Of course, engineers can also design flexibility into a solid-wall enclosure. But this typically requires some type of design enhancements or modifications that come at a premium price.

That was the case for Michael Tokar, an electrical designer at Elizabeth-Hata. Historically, engineers used solid-wall enclosures for the controls of the rotary tableting presses the company builds for the pharmaceutical industry. "One of the problems we were getting into was that nothing was standard anymore. Whenever someone wanted a different bottom or top, or we needed to mount components in an unusual way, we either had to compromise or we had to order a custom-built enclosure," explains Toker.

After making the switch to modular enclosures two years ago, he has been able to meet most customer needs--even special requests--with off-the-shelf components. "With the variety of components available, I can still offer a 'customized' solution at a lower cost," says Tokar.

Easy does it. Ironically, it is precisely this degree of flexibility that is viewed by some engineers as a shortcoming of modular enclosures.

"I remember when the suppliers' catalogs were only a few pages thick, and you ordered one part number," says Sullivan. "Now, they're saying build your own enclosure, and we are suddenly confronted with all of these choices. I can order different sides, different doors, and so on, yet our customers' requirements are often so unique that I still can't order standard part numbers."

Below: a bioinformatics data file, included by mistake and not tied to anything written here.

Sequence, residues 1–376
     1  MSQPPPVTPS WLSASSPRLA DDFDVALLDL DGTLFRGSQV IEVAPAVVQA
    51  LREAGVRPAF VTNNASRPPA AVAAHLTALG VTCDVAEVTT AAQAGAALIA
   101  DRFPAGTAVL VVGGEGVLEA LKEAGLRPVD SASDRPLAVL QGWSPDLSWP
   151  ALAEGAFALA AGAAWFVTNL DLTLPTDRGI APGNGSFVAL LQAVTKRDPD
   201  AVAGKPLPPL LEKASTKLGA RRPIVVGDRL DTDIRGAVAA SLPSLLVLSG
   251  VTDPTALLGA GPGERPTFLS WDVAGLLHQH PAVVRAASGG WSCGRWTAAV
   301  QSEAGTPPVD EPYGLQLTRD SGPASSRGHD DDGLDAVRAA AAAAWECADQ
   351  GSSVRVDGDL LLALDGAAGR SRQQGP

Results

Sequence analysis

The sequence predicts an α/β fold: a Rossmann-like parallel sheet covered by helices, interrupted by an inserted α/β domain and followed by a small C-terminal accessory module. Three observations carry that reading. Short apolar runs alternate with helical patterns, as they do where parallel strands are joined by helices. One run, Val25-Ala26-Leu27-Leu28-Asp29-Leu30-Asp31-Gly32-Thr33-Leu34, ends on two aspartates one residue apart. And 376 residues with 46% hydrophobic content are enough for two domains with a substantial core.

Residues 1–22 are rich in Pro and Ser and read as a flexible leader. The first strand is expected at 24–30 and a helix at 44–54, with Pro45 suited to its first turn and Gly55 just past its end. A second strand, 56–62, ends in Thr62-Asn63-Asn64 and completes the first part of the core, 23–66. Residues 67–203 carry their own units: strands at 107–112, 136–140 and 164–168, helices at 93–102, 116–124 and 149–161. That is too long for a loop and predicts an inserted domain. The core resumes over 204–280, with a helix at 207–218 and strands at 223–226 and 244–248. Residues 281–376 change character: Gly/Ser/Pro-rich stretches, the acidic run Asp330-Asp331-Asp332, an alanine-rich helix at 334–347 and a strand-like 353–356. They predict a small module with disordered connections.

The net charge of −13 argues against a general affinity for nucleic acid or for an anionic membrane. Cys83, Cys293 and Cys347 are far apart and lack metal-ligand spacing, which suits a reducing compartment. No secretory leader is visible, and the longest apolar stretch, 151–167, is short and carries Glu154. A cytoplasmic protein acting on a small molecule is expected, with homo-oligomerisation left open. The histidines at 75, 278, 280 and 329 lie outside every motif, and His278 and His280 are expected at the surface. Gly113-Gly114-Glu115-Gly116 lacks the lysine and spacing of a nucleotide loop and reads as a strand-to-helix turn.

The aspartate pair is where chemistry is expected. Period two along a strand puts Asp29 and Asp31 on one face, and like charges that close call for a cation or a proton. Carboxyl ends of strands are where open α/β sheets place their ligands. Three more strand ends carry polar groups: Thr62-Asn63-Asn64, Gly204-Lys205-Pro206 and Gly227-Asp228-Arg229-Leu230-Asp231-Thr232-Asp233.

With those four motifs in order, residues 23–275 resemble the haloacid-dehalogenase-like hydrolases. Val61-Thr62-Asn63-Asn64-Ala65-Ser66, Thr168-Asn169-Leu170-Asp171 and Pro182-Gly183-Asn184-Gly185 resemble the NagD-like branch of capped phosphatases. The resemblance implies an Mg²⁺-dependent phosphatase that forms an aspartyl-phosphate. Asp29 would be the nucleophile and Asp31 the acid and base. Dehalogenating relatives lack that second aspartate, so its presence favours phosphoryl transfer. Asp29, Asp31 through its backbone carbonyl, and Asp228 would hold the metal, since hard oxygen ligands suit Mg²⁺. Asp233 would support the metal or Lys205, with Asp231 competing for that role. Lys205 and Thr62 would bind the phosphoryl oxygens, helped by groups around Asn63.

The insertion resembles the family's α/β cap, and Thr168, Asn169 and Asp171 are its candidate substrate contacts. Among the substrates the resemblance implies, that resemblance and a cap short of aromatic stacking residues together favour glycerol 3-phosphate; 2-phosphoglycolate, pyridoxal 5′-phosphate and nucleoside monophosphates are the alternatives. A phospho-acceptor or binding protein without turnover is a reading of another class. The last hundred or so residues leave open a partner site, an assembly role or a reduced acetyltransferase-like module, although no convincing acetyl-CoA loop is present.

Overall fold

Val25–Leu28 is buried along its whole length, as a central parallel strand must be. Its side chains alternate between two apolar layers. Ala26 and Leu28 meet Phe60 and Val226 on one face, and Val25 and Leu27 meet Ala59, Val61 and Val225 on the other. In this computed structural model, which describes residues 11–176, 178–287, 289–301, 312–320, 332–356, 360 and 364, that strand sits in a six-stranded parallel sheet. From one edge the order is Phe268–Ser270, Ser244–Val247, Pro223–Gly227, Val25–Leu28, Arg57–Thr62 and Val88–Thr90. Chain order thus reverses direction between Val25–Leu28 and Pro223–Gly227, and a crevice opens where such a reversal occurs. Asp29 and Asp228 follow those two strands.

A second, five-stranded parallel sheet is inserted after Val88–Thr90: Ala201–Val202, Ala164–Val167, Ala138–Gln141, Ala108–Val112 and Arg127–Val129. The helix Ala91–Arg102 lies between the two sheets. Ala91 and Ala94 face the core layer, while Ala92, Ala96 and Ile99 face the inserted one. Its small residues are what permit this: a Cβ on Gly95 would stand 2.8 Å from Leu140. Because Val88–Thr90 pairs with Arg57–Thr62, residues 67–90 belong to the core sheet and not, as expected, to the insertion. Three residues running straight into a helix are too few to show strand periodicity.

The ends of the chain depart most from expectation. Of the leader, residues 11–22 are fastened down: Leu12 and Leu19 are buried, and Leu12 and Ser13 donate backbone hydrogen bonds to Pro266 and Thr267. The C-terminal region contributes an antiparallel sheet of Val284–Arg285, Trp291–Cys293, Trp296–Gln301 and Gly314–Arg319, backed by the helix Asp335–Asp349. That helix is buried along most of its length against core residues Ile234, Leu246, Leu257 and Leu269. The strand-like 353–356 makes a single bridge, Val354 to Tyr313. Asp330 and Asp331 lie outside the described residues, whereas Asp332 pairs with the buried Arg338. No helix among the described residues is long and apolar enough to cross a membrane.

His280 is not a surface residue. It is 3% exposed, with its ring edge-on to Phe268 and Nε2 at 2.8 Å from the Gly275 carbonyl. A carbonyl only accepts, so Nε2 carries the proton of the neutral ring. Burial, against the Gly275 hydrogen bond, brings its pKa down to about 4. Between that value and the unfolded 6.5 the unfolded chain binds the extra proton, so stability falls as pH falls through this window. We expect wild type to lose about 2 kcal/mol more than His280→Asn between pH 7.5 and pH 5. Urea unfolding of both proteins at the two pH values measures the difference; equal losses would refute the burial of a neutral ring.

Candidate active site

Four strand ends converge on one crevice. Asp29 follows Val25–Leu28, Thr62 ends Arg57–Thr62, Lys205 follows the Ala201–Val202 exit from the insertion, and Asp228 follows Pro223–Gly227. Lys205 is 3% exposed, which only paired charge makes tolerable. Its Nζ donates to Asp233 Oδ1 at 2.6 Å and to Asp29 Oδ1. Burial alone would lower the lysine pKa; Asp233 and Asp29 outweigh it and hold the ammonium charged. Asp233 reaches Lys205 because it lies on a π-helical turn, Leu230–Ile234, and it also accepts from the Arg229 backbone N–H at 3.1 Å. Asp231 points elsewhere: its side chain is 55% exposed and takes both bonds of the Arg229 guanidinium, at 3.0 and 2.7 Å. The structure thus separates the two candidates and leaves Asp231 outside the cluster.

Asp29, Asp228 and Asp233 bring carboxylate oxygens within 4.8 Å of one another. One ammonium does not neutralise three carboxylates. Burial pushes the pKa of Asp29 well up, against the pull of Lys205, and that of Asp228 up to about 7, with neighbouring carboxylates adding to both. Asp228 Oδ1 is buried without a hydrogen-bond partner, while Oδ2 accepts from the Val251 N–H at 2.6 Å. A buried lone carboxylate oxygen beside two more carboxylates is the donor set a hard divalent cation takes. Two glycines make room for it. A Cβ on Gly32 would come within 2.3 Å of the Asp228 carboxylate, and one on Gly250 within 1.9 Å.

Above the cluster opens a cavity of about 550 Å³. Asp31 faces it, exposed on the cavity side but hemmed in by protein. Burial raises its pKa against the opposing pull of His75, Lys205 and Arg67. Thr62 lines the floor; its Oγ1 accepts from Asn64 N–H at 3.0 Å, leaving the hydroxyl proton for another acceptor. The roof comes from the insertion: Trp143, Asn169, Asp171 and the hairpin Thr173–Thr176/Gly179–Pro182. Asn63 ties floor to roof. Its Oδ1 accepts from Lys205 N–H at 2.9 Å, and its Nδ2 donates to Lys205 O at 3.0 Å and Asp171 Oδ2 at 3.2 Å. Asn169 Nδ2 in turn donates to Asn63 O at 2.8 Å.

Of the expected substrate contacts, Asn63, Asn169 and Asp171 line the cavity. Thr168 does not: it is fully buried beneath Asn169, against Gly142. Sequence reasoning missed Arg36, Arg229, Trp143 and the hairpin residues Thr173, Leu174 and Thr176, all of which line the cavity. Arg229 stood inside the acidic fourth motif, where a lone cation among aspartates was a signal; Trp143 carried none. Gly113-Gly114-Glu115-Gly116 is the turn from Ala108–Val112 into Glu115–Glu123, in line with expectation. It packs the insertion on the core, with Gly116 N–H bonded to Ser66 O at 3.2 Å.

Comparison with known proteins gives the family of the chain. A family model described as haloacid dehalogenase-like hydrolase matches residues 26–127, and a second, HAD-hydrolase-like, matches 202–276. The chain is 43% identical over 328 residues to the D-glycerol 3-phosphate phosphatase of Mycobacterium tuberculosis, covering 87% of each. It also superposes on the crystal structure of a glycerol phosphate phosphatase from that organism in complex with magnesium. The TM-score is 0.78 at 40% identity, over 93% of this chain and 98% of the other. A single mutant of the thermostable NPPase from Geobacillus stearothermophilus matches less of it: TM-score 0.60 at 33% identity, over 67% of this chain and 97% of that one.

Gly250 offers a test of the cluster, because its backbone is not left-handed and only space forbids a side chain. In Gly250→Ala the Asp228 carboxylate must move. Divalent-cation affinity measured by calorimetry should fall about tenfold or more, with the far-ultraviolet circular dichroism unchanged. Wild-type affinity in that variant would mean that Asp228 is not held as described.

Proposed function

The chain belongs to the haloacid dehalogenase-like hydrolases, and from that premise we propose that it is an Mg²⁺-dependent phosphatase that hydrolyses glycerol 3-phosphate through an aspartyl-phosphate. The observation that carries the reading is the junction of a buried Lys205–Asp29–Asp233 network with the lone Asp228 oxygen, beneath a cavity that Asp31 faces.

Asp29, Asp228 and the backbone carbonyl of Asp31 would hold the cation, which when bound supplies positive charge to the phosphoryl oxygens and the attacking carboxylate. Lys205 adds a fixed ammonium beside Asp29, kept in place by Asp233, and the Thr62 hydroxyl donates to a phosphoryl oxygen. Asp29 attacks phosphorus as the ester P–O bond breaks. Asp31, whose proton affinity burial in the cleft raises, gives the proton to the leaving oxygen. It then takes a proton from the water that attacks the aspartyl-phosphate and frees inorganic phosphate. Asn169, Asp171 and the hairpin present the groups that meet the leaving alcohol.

The supposed ease-of-use of modular enclosures--ranging from specifying to component-mounting to assembling them--can actually represent a source of trepidation for some engineers.

One reason is their basic comfort level with solid-wall enclosures, which essentially come in one piece with a door. Engineers mount components to a subpanel, which they then typically mount to the back wall of the enclosure.

With a modular enclosure, a designer is confronted with more mounting options and a separate frame, sides, top, and bottom that must all be assembled together.

Yet, Youngstown Systems' Jenkins is always surprised when the reason a customer insists on solid-wall enclosures is "they're easier to work with." In his mind, the differences between modular and solid-wall enclosures are not all that great. "If someone has never used a modular enclosure before, I guess I can see how they might be taken aback," Jenkins acknowledges, "but once you've assembled a few, well you get the hang of it."

Several years ago, Paul Davis, electrical engineering manager at HK Systems and a guy who knows a lot about enclosures, cautiously joined the ranks of modular enclosure users. "We were happy with the solid-wall enclosures we were using, but at the time we were searching for ways to give our equipment a more high-tech appearance," says Davis.

It was an unexpectedly easy transition. "The first modular enclosure we wired up turned out to be a rather time-consuming chore," he recalls. "Instead of mounting everything to a single panel, you have all of these separate pieces assembled together like a 3-D puzzle. But our designers eventually got to a point where they could assemble them in their sleep."